Gender-based violence was of special note. This form of violence, mainly on women and girls, is widespread in conflicts. The report estimated that roughly 45.6 percent of African women have experienced gender-based violence, compared to 35 percent globally. “It estimated that most African women and girls will experience a form of GBV in their lifetime. In data derived from the UN Secretary General Special Representative on Violence in Conflict showed that between 2014 and 2015, 2,527 cases of conflict-related sexual violence were documented in CAR,” said the report.
But statistics alone do not tell the story. One of the many incidents cited involved a 38-year-old woman. In December of 2013, in CAR, while resting at home Seleka militias broke in and raped her multiple times. She later insisted that she would have resisted if she “hadn’t been afraid that they would kill her, since they were carrying weapons.” In another incident a 27-year-old woman was accosted by two Seleka fighters after she left an Internally Displaced Person camp in search of water. The woman was physically abused and raped.
Her testimony suggests she would have resisted if the men hadn’t been carrying AK-47s.
The actual testimony of one rape victim, revealed the damaging psychological effects of gender-based violence.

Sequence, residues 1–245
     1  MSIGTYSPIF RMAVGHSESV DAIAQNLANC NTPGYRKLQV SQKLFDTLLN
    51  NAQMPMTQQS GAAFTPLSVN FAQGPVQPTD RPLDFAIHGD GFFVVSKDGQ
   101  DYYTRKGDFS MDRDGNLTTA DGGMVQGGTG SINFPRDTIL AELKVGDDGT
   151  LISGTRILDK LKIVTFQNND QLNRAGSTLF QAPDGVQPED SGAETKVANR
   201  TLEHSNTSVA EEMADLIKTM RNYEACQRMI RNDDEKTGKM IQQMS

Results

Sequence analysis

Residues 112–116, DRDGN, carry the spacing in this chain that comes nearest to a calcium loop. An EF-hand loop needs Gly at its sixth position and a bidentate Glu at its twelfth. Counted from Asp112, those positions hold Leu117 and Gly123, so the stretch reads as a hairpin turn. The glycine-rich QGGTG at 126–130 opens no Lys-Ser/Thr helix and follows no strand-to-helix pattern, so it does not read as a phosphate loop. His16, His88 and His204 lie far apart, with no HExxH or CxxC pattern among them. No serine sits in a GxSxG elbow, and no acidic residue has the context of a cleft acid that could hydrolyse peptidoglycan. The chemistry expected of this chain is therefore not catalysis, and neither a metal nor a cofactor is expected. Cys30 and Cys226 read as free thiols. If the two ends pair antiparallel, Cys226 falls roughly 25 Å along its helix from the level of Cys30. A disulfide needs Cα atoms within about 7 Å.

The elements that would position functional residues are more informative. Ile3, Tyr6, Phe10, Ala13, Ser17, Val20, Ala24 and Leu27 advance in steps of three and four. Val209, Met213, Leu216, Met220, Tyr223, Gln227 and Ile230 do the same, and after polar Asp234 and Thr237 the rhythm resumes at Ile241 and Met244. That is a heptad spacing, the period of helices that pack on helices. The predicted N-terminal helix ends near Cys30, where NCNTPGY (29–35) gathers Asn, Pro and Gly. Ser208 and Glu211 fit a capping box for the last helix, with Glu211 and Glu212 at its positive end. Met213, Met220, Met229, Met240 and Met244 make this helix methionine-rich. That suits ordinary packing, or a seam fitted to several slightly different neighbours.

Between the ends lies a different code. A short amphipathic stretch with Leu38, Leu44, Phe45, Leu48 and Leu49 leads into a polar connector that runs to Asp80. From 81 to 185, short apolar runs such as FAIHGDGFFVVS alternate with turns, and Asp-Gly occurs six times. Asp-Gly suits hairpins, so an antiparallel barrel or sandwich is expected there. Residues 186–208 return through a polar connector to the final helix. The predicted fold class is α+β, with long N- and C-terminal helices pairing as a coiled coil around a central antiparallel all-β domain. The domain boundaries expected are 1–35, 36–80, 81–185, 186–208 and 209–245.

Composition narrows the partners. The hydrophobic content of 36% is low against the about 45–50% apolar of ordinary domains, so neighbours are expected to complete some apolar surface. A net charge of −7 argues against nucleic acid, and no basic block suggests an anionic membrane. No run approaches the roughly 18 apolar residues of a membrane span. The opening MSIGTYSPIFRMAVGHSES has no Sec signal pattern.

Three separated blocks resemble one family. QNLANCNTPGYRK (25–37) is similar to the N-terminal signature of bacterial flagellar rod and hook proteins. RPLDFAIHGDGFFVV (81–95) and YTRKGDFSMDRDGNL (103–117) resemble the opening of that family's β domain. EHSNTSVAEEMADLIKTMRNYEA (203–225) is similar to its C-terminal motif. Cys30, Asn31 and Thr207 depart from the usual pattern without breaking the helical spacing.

“On 24 December 2015, six masked men with guns and machetes came to my house. They first asked my brother to have sex with me, but he refused. He was shot and then hacked to death for refusing. Two of the men later took a turn to rape me with guns pointed at me. My husband could not cope with the incident. He was thinking too much about it. This led to his death. I keep thinking about him. I think a lot about life.”
Tackling Africa’s proliferation of uncontrolled arms requires continent wide involvement, including African and non-African stakeholders.
While the report is a step in the right direction, its solutions not only require a successful drive at the “reduction of uncontrolled small arms and light weapons” in Africa, but also development of infrastructure and investments in social programs in historically neglected areas and areas where citizens don’t support the ruling party.
The passage of the Arms Trade Treaty (ATT) in 2013 and its implementation in 2014 are beginning steps in tackling the small arms problem. It was the first legally binding agreement which sets globally common standards for regulation of conventional arms.
But concerns remain, including the fact that 95 percent of weapons in Africa, both legal and illicit, originate from outside the continent. While the ATT in Africa might guide proper regulation and monitoring of global arms sales and transfer, who’s to say arms-exporting countries and their small armaments industries will cooperate? Legal arms import by African states increased by 45 percent between 2005 and 2009 and between 2010 and 2014.